Outstanding student loan debt in the Netherlands has reached a new record high of €17.6bn, 46 percent higher than the €12bn owed just five years ago, according to DutchNews.nl.
Jan Sinnige, chairman of ISO, a student organization group in the Netherlands, said that rising student loan debt in the country is due to the new system that the borrowers use to take out loans. That system has resulted in the roughly 700,000 borrowers seeing their average student debt increase to €14,000, or $14,974 USD.
ISO is gearing up to roll out a debt meter to hone in on the impact of student debt and Sinnige said the meter is likely to show student debt increases by 55 eurocents each second. Sinnige wants lawmakers to better inform students about the true cost of earning a college degree. Meanwhile, Jarmo Berkhout, chairman of student union LDvb, is calling on lawmakers to lower the fees associated with tuition to help combat the rising debt.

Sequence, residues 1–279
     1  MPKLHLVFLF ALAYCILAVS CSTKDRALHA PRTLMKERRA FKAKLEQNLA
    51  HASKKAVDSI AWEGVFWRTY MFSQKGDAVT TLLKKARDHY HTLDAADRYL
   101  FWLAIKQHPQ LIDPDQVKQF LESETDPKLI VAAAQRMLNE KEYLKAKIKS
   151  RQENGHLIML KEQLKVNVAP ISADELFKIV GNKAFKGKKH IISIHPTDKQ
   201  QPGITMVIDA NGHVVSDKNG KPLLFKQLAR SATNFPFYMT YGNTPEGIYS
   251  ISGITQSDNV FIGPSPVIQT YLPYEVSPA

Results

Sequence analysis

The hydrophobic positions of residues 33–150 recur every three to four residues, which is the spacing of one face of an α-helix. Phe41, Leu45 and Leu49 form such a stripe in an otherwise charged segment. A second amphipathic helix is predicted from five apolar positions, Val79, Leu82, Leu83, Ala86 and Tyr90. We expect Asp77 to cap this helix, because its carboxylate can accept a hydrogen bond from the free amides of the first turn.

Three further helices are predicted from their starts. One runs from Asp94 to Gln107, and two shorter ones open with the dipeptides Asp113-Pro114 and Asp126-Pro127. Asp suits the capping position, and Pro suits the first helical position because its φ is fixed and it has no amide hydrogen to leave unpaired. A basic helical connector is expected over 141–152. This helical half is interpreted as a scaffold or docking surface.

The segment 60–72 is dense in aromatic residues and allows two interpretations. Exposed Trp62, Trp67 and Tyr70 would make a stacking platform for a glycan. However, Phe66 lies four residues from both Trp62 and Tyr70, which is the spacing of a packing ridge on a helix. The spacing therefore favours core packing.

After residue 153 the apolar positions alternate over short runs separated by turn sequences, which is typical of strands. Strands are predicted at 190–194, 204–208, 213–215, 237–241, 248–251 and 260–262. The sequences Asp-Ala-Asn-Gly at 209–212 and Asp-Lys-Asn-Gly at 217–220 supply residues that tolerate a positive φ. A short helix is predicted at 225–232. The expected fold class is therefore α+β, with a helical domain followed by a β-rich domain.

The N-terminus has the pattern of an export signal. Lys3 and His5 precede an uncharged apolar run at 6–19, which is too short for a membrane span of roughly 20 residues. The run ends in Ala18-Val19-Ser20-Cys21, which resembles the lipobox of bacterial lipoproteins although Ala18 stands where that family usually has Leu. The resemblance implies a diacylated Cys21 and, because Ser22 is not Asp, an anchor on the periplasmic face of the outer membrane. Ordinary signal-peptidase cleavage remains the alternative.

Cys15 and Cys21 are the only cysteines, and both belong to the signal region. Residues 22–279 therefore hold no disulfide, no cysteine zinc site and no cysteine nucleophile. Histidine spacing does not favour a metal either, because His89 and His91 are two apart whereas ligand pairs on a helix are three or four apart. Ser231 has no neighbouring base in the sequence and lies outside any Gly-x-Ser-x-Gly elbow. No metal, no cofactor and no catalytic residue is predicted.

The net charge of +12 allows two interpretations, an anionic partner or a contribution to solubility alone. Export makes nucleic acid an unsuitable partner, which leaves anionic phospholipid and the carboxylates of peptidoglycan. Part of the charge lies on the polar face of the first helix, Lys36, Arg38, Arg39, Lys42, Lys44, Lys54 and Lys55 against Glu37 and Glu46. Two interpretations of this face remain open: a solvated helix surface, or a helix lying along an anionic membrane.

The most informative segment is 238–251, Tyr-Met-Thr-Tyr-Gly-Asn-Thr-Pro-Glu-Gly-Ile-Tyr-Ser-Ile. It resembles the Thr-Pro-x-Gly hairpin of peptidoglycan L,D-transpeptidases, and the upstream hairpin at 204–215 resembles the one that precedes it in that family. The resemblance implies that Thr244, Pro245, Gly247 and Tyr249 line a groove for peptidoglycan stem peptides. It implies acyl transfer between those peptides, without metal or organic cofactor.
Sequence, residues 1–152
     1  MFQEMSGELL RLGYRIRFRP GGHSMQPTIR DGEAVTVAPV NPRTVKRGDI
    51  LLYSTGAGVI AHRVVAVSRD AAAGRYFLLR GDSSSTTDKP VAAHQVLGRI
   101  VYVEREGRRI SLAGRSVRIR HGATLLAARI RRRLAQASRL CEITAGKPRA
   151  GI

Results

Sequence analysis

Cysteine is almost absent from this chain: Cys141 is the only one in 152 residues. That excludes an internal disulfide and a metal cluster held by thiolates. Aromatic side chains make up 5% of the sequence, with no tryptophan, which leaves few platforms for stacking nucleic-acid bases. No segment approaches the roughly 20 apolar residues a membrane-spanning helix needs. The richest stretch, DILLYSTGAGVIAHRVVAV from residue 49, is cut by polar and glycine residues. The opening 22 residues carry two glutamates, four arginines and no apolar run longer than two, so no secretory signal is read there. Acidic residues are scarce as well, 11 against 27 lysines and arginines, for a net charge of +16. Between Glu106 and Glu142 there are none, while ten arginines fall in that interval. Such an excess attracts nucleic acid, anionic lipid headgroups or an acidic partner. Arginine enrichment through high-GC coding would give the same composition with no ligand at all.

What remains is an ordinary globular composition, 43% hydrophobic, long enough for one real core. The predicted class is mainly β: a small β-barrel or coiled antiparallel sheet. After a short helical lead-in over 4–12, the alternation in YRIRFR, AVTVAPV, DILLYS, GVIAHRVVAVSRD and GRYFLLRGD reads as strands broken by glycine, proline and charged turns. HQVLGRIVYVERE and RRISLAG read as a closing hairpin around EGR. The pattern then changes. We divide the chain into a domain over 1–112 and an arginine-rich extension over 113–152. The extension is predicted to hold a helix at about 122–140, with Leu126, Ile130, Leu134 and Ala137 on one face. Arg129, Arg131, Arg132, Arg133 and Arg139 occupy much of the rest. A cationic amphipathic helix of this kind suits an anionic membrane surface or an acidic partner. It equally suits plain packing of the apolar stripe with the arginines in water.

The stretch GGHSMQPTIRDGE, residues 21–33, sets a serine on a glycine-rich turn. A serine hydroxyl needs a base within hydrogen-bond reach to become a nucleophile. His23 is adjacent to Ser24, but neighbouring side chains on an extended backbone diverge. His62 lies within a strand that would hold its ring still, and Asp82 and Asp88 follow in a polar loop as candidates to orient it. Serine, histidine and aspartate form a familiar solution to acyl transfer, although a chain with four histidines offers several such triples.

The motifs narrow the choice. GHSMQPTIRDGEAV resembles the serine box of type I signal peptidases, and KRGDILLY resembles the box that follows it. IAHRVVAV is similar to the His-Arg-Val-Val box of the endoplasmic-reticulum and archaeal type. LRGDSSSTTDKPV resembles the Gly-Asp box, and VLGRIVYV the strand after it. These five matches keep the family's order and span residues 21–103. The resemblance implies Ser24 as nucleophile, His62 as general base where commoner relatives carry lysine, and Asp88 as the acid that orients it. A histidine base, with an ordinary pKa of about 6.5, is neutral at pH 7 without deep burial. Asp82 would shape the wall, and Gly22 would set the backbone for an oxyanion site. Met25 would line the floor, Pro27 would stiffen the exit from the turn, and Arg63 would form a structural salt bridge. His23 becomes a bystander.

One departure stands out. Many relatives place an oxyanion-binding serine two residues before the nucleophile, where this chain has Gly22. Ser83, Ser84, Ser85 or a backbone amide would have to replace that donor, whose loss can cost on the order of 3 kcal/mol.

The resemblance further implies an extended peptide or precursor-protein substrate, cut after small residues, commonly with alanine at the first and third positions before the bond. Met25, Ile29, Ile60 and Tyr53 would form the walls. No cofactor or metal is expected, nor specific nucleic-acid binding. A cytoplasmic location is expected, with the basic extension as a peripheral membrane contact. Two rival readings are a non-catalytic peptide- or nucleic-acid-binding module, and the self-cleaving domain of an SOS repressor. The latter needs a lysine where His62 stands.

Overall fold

The calls for lower tuition fees and more student loan education for borrowers parallels some of the student debt reform legislation that is making the rounds on Capitol Hill. A slew of Democrats and some Republicans argue if students and families were more informed about the true cost of financing their higher education, they may think twice about taking out loans.
The United States now collectively owes over $1.4 trillion and the average borrower from the Class of 2015 graduated with $28,400, much higher than in the Netherlands.
Some lawmakers think that student loan related education alone will be enough to make an impact while others are calling for more comprehensive reform including lowering interest rates on federal student loans, the ability to refinance federal loans, enhancements to Pell Grants, and increased student loan forgiveness.
Although lawmakers don’t see eye-to-eye on all of the proposals, most agree student loan debt has reached crisis levels in the U.S. and is having a direct negative impact on the economy. After all countless people are holding back from purchasing homes, buying cars, starting businesses, and saving for retirement all because of the loans they took out to attend college.
Author: Donna Fuscaldo
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